Built in 1924, the proud little bandstand in Glasgow’s Kelvingrove Park lapsed slowly into disuse by the last decades of the 20th century, and was finally closed in 1999, from which point it was left to crumble into what looked like terminal disrepair. Anyone who remembers it from that period will recall the open-air amphitheatre as a sad, forgotten spot of cracked concrete and overgrown dereliction, neglected by just about everyone except teenagers looking for a place to go.
“I’ve been here before,” Roddy Frame says, looking out from the stage of the bandstand, which was lovingly restored and reopened in 2014, and is currently the home of the Summer Nights festival sponsored by Magners. “Not playing. Just hanging about. Funnily enough, I think I was drinking cider…”
Regular visitors over the past few days will know it’s been National Roddy Frame Week on the Glasgow Music City Tours blog, and we wanted to bring proceedings to a close with a few words on Frame’s gig in town last night.
Arriving on stage following support from Glasgow’s Siobhan Wilson and a playlist of tunes that sounded like a C90 mixtape he might have compiled himself (The Clash, The Teardrop Explodes, Echo & The Bunnymen, Orange Juice), the facts of the case are it was a solo performance: one nimble man in black taking on a show that lasted around two hours armed only with a couple of acoustic guitars, an occasional harmonica, and the variously vigorous backing vocals of the varyingly intoxicated audience.
“I’d love to know what anyone passing by who doesn’t know what’s going on down here thinks is happening,” Frame mused, after the crowd had ripped enthusiastically into the martial “High! Land! Hard! Rain!” chant that closes ‘The Boy Wonders.’ “It must sound like a National Front rally or something. ‘Are they sieg-heiling? On a Friday?’”
‘The Boy Wonders’ came during a late song sequence devoted to Aztec Camera’s ageless debut album, High Land Hard Rain, a set-within-the-set that also included ‘Oblivious’, ‘Walk Out To Winter’ ‘Release’, the ever-astonishing ‘We Could Send Letters’ and ‘Down The Dip,’ with its ferocious acoustic-machine-gun white-light coda riff on Dylan’s ‘It’s Alright Ma (I’m Only Bleeding).’
Predictably, it was this essential stuff, along with a thrumming reworking of 1987’s life-affirming FM monster ‘Somewhere In My Heart,’ that drew the biggest reaction. But around it, Frame provided all the evidence, for anyone who was listening, that he has only continued to evolve and grow more nuanced as a player (a jaw-dropping “Spanish Horses”) and songwriter, even when paring it right down, as he has on his most recent records.
As daylight disappeared and the evening cooled, some of the night’s most affecting moments were drawn from LPs like Surf, last year’s fantastic Seven Dials and 2006’s Western Skies, an album made of memories that vies as Frame’s greatest yet. (Then again, another of the evening’s highlights was a late rendition of ‘Mattress Of Wire,’ the Postcard single originally recorded in 1981, when he was around 17-years-old.)
Most of these songs are downbeat in character, but this was hardly the nature of the night as, around them, Frame peppered the set with long sections of increasingly mischievous chat, bantering in a way he hasn’t quite since he was sharing a stage with old pal Edwyn Collins in their gabby guise as The Disclaimers. At a rough estimate, the show was around 70 per cent music to 30 per cent blether.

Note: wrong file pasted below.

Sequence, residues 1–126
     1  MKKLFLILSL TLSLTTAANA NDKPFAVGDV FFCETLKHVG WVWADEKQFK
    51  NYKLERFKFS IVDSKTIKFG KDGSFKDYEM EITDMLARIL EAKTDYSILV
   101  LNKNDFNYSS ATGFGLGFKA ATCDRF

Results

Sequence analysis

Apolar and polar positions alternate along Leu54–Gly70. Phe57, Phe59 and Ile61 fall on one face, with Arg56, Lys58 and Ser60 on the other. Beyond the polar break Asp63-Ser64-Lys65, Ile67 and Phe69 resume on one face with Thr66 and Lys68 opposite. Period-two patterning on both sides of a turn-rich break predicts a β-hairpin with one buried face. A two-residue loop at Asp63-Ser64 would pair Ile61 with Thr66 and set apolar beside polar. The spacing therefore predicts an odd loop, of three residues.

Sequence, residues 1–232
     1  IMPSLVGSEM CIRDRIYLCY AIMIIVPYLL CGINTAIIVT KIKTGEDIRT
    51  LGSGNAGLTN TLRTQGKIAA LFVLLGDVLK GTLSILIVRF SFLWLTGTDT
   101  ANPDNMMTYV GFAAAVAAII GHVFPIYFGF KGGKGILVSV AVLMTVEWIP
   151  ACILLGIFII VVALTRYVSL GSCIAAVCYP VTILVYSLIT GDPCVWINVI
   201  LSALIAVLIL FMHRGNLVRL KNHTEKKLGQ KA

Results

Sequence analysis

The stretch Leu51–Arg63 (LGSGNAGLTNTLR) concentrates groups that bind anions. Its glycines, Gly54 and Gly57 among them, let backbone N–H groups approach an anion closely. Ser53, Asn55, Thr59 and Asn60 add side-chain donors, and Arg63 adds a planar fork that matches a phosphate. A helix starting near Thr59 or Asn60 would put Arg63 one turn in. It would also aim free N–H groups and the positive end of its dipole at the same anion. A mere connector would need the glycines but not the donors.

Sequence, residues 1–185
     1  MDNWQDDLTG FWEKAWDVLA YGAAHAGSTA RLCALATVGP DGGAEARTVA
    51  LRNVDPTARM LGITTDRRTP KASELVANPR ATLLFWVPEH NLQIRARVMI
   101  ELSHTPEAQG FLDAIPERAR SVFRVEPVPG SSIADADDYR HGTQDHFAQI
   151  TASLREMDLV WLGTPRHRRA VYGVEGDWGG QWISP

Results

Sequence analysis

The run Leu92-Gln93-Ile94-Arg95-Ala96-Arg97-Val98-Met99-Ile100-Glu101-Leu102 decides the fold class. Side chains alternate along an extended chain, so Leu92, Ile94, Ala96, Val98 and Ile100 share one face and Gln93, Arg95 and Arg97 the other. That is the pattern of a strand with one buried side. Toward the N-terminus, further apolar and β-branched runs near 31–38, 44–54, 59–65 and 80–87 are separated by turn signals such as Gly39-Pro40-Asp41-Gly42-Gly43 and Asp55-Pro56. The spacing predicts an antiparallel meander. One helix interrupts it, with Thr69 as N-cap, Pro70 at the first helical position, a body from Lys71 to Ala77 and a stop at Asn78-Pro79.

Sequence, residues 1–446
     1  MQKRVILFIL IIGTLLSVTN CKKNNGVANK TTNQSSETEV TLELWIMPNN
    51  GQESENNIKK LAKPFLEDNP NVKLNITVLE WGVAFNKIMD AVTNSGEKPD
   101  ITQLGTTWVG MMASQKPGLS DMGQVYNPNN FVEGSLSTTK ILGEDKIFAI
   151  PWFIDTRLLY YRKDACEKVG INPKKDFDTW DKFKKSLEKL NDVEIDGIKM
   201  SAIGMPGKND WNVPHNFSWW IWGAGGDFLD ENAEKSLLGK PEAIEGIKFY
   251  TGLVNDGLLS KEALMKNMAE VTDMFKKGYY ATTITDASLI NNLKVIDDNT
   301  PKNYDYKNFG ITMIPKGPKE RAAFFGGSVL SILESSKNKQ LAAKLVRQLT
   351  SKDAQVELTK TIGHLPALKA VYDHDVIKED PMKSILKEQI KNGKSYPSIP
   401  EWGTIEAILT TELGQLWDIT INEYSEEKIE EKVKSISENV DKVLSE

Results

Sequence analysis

Notable topics under discussion included: the wonders of the Wikipedia page on Buckfast Tonic Wine; an irreverent spot of impish product placement for hosts Magners, replete with cheesy guitar jingles; and, best of all, an epic discourse on the particular nature of the glam-droog subculture in the Glasgow of the early-1970s, with sinister gangs in top hats, eye-liner and high-waisters charging into battle while chanting Gary Glitter songs, as European scientists gathered on the sidelines to study the sword wounds they inflicted on each other. (“‘What kind of sword was it?’ ‘Just a normal sword.’ – They don’t make men like that anymore….”)
This led the way into his song about that time and the Bowie-Bolan creatures who first turned him on, ‘Rock God’ – the acoustic nature of the night meant it was shorn of the Mick Ronson-esque guitar solo found on the Western Skies version, but he made up for that by cramming in several more Bowie-referencing riffs.
If you’ll forgive the toot of our own trumpet, the other highlight of the evening, at least where we were sitting, was when Frame gave a shout out to your friendly neighbourhood Glasgow Music City Tours. “Sounds like a cool thing they’re doing… I wrote a wee thing for their blog about going to see gigs at The Apollo. In the introduction, the guy wrote that I’d ‘decamped’ for England. And I thought, de-camped: that’s the perfect word to describe somebody leaving Postcard Records…”
From this, straight into “a Glasgow song” with the longing-leavers anthem ‘Killermont Street,’ replete with its new ‘Wild Mountain Thyme’ mid-section – a moment that, on paper, should be corny, but in practice, with the voices of the amphitheatre joining in, is spine-tingling.
Elsewhere among the blether, Frame mentioned he might not be around much for a while, as he is about to start working on a book (“It’s what rock stars do now…”). Whether or not the working title is De-Camped, we couldn’t possibly say. But, before he left, just when everyone thought the show was over, he reappeared to leave us with the world debut of a gorgeous new song that shows his writing at its most Cole Porterish: “…Don’t want to lose my hair wondering Who Goes There each time you’re out past One…”
A fine farewell. Somebody’s probably got it up on Youtube by now.